Then, in 1980, Pentos bought the company, and thought it had found a way for the posters to reach beyond bedsits and into young couples' living-rooms. Pentos boss Terry Maher had the shops redesigned as flash, modern "galleries", and planted 20 more eachyear on prime high street and shopping centre sites. With the new streamlined shops came a new streamlined aesthetic: airbrushing. This technique, which sprayed paint precisely into bold and superficial shapes, had been used by artists like Philip Castle in the Seventies. But Athena performed its usual popularising trick using less sophisticated, universal imagery - a pouting woman melting a Dali-esque telephone, a heavily-rouged woman dropping pearly tears (they always seemed to be women) - and soon the idealised, sheeny strokes of airbrushed posters were everywhere. They were perfect for the superficial times. "The reason airbrushing appealed to me was that it could make things look better than they really were," says Jarvis Cocker, singer of Pulp and pop culture authority, whose last album, His 'n' Hers, featured an airbrushed, Athena-esque picture of the band. "It was the feel of super-real modernity," says York.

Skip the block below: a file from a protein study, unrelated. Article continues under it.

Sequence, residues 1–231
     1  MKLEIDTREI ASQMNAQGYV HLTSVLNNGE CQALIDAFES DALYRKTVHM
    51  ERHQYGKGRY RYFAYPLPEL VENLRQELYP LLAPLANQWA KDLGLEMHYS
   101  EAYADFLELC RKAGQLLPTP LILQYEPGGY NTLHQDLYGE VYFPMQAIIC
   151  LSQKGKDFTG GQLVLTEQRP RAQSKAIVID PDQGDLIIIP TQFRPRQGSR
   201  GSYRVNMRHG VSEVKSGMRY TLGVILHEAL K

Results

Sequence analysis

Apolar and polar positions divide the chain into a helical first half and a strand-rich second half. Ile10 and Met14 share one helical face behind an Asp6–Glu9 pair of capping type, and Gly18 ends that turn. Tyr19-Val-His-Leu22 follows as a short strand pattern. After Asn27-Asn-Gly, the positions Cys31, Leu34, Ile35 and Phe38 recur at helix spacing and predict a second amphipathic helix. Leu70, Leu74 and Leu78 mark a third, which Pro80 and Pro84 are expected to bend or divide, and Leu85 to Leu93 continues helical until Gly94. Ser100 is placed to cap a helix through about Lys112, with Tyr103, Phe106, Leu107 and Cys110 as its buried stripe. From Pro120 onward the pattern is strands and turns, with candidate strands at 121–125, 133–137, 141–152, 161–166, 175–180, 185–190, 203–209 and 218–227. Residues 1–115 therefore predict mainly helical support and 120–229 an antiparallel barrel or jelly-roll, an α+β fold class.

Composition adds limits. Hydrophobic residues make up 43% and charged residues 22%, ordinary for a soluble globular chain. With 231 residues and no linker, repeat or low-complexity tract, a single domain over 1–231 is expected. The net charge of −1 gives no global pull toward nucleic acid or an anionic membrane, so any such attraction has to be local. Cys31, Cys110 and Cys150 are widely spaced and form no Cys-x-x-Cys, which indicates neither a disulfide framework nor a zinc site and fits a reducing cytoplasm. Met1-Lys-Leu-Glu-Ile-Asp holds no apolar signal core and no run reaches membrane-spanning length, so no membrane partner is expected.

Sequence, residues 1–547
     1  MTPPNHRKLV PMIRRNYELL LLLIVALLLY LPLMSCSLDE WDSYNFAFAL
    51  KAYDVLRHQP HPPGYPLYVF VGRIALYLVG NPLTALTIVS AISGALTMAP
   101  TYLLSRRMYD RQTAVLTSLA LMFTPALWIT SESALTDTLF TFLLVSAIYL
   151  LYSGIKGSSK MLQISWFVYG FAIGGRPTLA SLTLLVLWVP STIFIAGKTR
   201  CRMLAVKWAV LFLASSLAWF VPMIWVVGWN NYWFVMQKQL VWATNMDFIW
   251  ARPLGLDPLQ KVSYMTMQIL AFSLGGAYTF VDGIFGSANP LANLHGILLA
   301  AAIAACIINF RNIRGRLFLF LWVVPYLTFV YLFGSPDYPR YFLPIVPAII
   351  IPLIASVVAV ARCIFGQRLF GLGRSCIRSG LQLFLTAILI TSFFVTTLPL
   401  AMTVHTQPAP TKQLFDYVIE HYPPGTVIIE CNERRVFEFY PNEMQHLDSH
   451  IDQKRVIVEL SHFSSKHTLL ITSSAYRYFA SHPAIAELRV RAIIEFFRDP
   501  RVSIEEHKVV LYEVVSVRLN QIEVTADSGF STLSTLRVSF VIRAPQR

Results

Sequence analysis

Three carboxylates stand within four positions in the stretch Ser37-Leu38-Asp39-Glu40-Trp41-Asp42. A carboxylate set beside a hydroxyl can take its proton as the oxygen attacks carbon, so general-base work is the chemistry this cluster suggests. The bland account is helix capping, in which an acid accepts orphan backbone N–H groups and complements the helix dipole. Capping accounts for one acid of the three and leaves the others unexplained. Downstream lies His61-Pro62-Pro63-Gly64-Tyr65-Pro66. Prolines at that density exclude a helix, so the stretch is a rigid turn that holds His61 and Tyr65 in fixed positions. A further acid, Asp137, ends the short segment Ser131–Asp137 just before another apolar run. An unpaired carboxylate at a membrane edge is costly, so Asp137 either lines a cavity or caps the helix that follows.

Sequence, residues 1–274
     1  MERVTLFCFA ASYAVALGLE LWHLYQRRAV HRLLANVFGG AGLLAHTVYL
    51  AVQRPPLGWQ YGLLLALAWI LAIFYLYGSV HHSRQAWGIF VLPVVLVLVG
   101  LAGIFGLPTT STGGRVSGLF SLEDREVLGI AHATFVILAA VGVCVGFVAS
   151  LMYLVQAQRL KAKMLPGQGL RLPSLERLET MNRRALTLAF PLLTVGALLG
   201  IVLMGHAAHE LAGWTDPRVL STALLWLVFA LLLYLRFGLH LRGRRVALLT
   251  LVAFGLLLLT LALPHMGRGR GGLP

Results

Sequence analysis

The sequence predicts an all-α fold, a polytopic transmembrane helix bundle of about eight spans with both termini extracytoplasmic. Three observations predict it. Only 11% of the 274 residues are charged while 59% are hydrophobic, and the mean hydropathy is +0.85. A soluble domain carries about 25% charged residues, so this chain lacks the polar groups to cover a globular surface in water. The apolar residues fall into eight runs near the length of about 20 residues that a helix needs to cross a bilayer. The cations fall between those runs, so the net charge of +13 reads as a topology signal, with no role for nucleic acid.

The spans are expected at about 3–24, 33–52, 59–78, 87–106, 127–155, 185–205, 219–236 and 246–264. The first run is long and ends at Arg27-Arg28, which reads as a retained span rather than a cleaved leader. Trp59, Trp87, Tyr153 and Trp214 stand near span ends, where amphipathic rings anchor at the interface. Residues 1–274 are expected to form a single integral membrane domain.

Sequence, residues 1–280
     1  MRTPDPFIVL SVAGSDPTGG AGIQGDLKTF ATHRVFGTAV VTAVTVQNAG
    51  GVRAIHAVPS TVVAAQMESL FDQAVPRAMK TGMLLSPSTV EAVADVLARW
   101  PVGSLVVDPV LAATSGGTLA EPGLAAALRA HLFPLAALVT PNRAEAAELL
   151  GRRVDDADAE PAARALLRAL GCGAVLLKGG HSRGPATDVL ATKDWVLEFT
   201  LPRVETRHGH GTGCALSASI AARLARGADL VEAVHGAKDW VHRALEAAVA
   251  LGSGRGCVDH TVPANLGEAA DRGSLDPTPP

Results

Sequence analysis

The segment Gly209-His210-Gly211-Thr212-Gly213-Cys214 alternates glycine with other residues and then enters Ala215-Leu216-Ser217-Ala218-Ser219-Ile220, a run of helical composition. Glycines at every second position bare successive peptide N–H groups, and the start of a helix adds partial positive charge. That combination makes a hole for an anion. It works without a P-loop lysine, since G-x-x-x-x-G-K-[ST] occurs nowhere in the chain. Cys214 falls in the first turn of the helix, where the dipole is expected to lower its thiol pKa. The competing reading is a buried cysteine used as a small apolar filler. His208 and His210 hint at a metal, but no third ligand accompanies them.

When Eighties taste shifted away from surface glitz to the new "authenticity" of Levi's and ancient soul music in the second half of the decade, Athena's posters changed too. It bought the rights to reproduce Robert Doisneau, then started publishing "realistic" but flattering black and white photographs of its own, shot by big-name photographers, set in white borders and clip-frames like gallery exhibits, and costing £10 each (£10 more for the frame) rather than the £5 of the old range. The most su c cessful new poster - and, with over 3 million copies, it was Athena's most popular ever - was the man and baby, entitled, with wine bar sophistication, L'Enfant (1986). Creative director Paul Rodriguez wanted posters that reflected the rising popularity ofbody-building; but "the male is not the greatest purchaser of prints," says the then publishing director Roger Watt, "so we had this idea of using a baby to get women to buy it. We shot two rolls over a few days, and in three months it was in the shop s." Spencer Rowell, who took the photograph, says: "It was a move up from monkeys on toilets."